“This also serves to bring to people’s attention the outcome of dumping into the water.”

A spokesperson for Galway City Council said the licensing system may well have an impact on surface water as it would ensure any businesses that sell hot food would have to show they are properly disposing of grease.

Connacht Tribune

West has lower cancer survival rates than rest



Significant state investment is required to address ‘shocking’ inequalities that leave cancer patients in the West at greater risk of succumbing to the disease.

A meeting of Regional Health Forum West heard that survival rates for breast, lung and colorectal cancers than the national average, and with the most deprived quintile of the population, the West’s residents faced poorer outcomes from a cancer diagnosis.

For breast cancer patients, the five-year survival rate was 80% in the West versus 85% nationally; for lung cancer patients it was 16.7% in the west against a 19.5% national survival rate; and in the West’s colorectal cancer patients, there was a 62.6% survival rate where the national average was 63.1%.

These startling statistics were provided in answer to a question from Ballinasloe-based Cllr Evelyn Parsons (Ind) who said it was yet another reminder that cancer treatment infrastructure in the West was in dire need of improvement.

“The situation is pretty stark. In the Western Regional Health Forum area, we have the highest incidence of deprivation and the highest health inequalities because of that – we have the highest incidences of cancer nationally because of that,” said Cllr Parsons, who is also a general practitioner.

In details provided by CEO of Saolta Health Care Group, which operates Galway’s hospitals, it was stated that a number of factors were impacting on patient outcomes.

Get the full story in this week’s Connacht Tribune, on sale in shops now, or you can download the digital edition from You can also download our Connacht Tribune App from Apple’s App Store or get the Android Version from Google Play.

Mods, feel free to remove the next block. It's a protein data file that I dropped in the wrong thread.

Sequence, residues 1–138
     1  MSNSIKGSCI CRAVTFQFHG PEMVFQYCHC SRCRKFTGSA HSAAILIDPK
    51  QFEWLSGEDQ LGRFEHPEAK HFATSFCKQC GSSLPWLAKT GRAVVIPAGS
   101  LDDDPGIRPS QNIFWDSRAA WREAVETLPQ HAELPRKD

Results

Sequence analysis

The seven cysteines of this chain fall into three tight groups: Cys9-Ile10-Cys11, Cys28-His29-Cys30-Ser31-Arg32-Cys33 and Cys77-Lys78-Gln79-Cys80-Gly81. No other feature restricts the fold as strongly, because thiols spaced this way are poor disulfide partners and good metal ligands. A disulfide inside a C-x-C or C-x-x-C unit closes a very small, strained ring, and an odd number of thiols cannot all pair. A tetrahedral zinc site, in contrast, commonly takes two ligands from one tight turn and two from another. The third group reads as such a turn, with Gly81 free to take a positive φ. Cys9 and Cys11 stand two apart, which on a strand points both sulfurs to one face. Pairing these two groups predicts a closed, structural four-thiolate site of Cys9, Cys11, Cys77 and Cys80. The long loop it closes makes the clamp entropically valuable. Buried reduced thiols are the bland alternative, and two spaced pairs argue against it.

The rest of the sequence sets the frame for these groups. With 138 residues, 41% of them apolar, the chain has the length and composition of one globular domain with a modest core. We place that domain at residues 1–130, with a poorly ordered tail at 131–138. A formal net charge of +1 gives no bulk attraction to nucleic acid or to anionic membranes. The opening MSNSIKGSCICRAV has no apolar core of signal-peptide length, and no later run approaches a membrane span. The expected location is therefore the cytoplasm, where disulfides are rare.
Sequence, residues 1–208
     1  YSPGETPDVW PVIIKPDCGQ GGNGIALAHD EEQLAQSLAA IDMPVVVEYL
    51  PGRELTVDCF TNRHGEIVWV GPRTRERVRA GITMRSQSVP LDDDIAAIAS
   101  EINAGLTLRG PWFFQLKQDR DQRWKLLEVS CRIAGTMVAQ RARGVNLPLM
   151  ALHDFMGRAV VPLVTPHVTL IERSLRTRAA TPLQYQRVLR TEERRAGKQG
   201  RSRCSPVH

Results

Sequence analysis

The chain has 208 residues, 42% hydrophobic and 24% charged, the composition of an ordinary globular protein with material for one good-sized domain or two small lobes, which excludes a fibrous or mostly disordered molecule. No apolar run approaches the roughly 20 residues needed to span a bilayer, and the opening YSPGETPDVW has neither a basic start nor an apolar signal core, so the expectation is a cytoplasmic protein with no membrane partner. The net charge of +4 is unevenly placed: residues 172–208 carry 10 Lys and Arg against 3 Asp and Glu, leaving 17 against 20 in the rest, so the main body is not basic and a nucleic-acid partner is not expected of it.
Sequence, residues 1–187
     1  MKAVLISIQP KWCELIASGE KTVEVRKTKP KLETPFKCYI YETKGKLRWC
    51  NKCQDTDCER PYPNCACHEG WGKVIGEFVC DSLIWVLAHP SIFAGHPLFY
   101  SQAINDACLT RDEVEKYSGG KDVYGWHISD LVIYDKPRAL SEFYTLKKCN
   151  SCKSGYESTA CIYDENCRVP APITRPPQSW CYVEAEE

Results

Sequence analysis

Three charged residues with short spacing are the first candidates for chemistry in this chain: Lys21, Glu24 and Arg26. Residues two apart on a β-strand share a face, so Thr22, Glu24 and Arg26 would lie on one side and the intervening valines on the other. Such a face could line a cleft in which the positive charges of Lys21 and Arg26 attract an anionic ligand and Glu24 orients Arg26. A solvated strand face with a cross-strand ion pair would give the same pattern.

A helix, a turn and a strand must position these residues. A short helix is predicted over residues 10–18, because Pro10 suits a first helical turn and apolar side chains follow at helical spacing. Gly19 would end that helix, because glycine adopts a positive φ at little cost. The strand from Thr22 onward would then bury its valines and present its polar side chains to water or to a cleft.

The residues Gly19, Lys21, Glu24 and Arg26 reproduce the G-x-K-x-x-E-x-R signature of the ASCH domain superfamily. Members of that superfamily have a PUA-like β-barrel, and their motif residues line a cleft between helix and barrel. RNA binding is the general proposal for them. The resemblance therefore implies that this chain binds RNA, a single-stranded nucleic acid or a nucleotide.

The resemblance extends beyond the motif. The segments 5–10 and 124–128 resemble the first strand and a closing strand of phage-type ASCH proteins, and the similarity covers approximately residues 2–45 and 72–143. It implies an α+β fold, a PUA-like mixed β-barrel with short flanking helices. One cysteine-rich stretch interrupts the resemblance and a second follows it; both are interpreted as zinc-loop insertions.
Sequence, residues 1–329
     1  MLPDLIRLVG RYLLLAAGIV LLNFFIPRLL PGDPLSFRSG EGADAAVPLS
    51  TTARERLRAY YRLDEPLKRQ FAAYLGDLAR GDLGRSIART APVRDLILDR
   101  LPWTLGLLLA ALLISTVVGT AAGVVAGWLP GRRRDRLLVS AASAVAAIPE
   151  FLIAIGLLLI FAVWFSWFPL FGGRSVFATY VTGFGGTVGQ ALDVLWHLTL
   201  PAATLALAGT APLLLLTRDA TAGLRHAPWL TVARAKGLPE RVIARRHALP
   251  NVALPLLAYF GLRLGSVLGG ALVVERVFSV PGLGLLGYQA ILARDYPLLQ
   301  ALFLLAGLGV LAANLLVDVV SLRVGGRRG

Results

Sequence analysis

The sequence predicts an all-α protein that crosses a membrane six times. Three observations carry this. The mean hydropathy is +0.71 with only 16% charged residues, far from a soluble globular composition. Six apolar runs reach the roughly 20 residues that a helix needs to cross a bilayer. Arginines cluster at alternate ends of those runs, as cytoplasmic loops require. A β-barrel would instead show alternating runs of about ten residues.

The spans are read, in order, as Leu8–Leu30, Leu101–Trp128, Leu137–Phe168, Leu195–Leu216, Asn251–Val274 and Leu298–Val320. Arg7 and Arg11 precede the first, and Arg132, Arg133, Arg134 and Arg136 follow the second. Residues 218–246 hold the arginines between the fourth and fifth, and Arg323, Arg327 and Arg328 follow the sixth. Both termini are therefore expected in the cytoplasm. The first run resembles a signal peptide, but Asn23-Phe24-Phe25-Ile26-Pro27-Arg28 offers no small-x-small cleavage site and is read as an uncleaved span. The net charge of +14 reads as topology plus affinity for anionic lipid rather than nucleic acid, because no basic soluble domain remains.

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Connacht Tribune

Marathon Man plans to call a halt – but not before he hits 160 races



Loughrea’s Marathon Man Jarlath Fitzgerald.

On the eve of completing his 150th marathon, an odyssey that has taken him across 53 countries, Loughrea’s Marathon Man has announced that he is planning to hang up his running shoes.

But not before Jarlath Fitzgerald completes another ten races, making it 160 marathons on the occasion of his 60th birthday.

“I want to draw the line in 2026. I turn 57 in October and when I reach 60 it’s the finishing line. The longer races are taking it out of me. I did 20 miles there two weeks ago and didn’t feel good. It’s getting harder,” he reveals.

“I’ve arthritis in both hips and there’s wear and tear in the knees.”

We speak as he is about to head out for a run before his shift in Supervalu Loughrea. Despite his physical complaints, he still clocks up 30 miles every second week and generally runs four days a week.

Jarlath receives injections to his left hip to keep the pain at bay while running on the road.

To give his joints a break, during the winter he runs cross country and often does a five-mile trek around Kylebrack Wood.

He is planning on running his 150th marathon in Cork on June 4, where a group of 20 made up of work colleagues, friends and running mates from Loughrea Athletics Club will join him.